Foetal Wastage at the Oja-tuntun Slaughterhouse in Ogbomoso Town, South Western Nigeria: A Three Year Retrospective Study

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Caesar E. Anyaku
Ebele J. Ajagun
Abisola O. Oshagbemi


Aim: This survey was carried out to determine the prevalence of foetal wastage amongst cattle and goat; and its associated economic loss.

Study Design: A retrospective survey was carried out using the abattoir records of Owode Veterinary Hospital, Ogbomoso, were relevant data relating to foetal wastage was retrieved.

Place and Duration: The study was conducted in Ogbomoso, Oyo State, South-Western Nigeria from January 2014 to December 2016.

Methodology: A three year retrospective survey (January 2014 to December 2016) based on the Veterinary Hospital records were used to determine the extent of foetal wastage as well as associated economic loss. 

Results: A total of 11,903 cattle comprising 8,482 (71.3%) males and 3,421 (28.7%) females; 1,269 goats comprising of 791 (62.3%) males and 78 (37.7%) females were slaughtered over the study period. A total of 244 foetuses (cows) and 55 foetuses (does) were recovered during the period of study with a calculated prevalence rate of 7.1 and 11.5% respectively. Analysis of the economic loss over the study period was estimated at approximately N25,254,000 ($69,762) and N440,000 ($1,215) for cattle and goats respectively. With a calculated average annual loss of N8,418,000 to foetal wastage which is too huge for any developing country.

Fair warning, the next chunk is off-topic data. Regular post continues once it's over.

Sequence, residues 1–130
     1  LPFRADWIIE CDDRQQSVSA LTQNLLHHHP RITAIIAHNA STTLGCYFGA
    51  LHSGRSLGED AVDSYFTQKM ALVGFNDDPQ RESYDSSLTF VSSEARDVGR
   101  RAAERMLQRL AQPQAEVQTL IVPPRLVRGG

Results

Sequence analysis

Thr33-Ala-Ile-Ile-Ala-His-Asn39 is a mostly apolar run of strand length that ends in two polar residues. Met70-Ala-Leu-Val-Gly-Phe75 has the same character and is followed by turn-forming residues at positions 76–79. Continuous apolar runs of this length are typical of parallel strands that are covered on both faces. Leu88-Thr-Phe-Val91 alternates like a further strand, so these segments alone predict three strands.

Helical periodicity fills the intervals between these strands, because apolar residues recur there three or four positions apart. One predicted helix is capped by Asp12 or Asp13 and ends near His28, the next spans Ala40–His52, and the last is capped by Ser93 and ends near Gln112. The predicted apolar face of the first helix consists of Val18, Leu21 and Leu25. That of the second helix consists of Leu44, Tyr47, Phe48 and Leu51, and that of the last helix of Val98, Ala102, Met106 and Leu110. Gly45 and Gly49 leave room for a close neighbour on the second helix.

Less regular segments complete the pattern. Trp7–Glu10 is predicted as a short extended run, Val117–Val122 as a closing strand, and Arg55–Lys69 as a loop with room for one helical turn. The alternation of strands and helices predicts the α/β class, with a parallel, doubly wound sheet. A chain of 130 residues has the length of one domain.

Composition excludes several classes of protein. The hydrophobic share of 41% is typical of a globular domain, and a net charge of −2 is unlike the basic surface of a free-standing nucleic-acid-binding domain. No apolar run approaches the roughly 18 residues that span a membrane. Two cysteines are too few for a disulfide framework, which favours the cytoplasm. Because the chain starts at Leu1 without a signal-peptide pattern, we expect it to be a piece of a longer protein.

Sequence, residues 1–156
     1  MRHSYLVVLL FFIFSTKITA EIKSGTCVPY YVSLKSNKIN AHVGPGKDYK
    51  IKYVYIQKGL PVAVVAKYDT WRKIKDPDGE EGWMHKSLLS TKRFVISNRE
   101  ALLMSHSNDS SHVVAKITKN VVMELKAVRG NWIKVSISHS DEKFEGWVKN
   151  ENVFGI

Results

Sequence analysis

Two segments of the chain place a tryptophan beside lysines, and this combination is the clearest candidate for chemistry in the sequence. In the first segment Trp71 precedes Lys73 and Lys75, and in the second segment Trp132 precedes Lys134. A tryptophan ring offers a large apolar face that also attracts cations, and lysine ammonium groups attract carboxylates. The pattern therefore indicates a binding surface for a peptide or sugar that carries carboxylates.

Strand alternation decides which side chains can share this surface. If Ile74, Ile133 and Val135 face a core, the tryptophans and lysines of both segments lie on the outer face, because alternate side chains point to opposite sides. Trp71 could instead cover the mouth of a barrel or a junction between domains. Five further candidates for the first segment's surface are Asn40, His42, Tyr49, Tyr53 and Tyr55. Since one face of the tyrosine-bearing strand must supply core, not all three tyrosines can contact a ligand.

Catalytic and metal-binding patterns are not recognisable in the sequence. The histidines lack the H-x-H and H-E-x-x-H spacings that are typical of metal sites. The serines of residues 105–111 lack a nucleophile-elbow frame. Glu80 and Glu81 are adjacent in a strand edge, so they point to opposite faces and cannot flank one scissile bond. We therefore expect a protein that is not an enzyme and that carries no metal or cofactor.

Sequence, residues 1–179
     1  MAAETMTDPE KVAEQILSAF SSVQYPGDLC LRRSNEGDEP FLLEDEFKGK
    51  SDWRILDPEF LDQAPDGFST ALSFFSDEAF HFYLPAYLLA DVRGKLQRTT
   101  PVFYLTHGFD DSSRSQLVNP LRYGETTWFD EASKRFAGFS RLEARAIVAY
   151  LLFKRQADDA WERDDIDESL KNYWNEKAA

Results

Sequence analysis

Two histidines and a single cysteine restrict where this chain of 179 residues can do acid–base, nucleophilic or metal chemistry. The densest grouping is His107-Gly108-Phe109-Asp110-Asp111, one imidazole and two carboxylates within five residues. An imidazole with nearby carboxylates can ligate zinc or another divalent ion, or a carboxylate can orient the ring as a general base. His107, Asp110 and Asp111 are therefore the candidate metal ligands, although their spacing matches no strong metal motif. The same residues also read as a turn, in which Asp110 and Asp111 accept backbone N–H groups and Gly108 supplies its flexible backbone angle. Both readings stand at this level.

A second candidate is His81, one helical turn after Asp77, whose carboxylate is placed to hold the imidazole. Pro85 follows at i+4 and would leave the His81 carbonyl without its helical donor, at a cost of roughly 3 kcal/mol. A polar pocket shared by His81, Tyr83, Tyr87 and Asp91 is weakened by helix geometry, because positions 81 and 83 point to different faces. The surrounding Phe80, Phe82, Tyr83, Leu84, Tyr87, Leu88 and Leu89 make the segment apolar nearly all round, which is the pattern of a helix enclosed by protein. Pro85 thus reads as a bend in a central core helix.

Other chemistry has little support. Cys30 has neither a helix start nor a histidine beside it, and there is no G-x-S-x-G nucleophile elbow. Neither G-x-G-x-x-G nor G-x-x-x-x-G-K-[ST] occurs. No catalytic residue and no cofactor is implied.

Conclusion: Reoccurring slaughter of gravid females and its resultant high foetal wastage must be discouraged; so as to meet demand for meat and meat-related products as well as boost the nation’s economy. Hence the need for all hands to be on deck to develop as well as implement local strategies aimed at reducing future economic losses.

Foetal wastage, economic loss, meat-related products, animal husbandry

Article Details

How to Cite
Anyaku, C. E., Ajagun, E. J., & Oshagbemi, A. (2019). Foetal Wastage at the Oja-tuntun Slaughterhouse in Ogbomoso Town, South Western Nigeria: A Three Year Retrospective Study. Asian Journal of Research in Zoology, 2(4), 1-7. Retrieved from
Original Research Article


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